With the thought of fun being the most important part of it and without really expecting any results for this Ludum Dare anymore, I got back to the first prototype, and suddenly, the old problem was gone. Thinking about the focal length was a dead-end, and just getting rid of it was the way to get it work. The only problem now was the collision detection of an object that would get bigger the further it goes. Using Unity3D's SphereCast() was the wrong direction, because the size of the collision sphere would be always the same. So now CheckSphere() gets called with a gradually increasing size of the radius parameter, and it does that a lot of times every frame - because of the simple nature of the rest of the game, this was possible without any noticable performance hits (at least on my computer). Of course, this means that every object basically has an additional bounding sphere, and that's why most objects sometimes don't behave as expected, especially those which don't have uniform dimensions.

prototype 1first prototype, working

I uploaded the first prototype of the game - just a simple demonstration of the gameplay - late in the night, and those who actually started it and "got it", said it could be awesome. Yay, motivation! Also, I earned myself some sleep. The next day I "only" had to make levels and fix any occuring bug. Also, story. Also, sound. Also, ...

I planned five levels at the beginning, and because of some very sad events before Ludum Dare, I didn't think about it too long when I realized that I wouldn't have time for all of them - as one of the levels would had have a kindergarten setting. So, three levels were made (in 3dsmax), and they describe how the protagonist is a kid with just an overly active imagination, and how this leads to an unfortunate outcome. I didn't have time for more, and the ones I made aren't really balanced/tested, so I am sorry for that. On the other side I am just relieved that the main gameplay works and can maybe be the foundation of a cool game; the Ludum Dare version of the finally named game "Tale of Scale" is mainly a sandbox game which happens to have a subtly communicated goal in each level.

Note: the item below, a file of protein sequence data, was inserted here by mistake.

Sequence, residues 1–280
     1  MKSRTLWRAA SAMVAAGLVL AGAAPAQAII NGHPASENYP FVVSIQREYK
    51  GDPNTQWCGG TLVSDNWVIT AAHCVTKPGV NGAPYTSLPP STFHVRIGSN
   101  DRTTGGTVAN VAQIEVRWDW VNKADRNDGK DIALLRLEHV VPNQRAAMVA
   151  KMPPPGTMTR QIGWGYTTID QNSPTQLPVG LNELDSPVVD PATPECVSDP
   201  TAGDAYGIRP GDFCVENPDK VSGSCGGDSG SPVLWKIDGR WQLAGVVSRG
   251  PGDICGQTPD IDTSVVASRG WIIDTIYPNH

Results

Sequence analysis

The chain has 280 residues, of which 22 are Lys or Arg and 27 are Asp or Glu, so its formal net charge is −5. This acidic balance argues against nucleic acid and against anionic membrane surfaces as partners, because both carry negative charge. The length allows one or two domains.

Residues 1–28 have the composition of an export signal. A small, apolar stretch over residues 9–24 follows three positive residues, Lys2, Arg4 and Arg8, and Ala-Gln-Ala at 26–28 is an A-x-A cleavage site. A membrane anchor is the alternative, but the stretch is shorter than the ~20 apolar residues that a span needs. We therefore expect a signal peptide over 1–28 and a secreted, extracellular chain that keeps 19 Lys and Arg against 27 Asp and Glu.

2the end result: Tale of Scale

A short summarization of What-Went-Bad:

  • The start, or rather the theme. Either it is the start of a game for me, or it just stands in my way. Harumph. I squeezed the theme into the final game, but as most people won't play it through, they probably will wonder where it actually is. I got a bit inspired by the movie "Looper".
  • I still can't make music. I tried composing some once or twice before, but I'm always embarrassed by my own efforts, so I don't ever get over a certain point.
  • I don't have a cool base code which actually would free me of the burden to do some stupid and boring stuff again and again. At least that's a learning and can be helped ... some day.

And What-Went-Good?

  • The idea was cool enough to let people ignore the crude levels and graphics, hehe.
  • I actually managed to make three levels, even in the timeframe I wanted to make them. Seems like I finally get the hang on estimating such things, and this is one of the things a game jam really can help with.
  • I made most of the sounds myself with a microphone, and they sound okay enough. Nice.

That's it! Thanks for reading, and don't forget to play the game (here's the entry page) - or at least watch this gameplay video: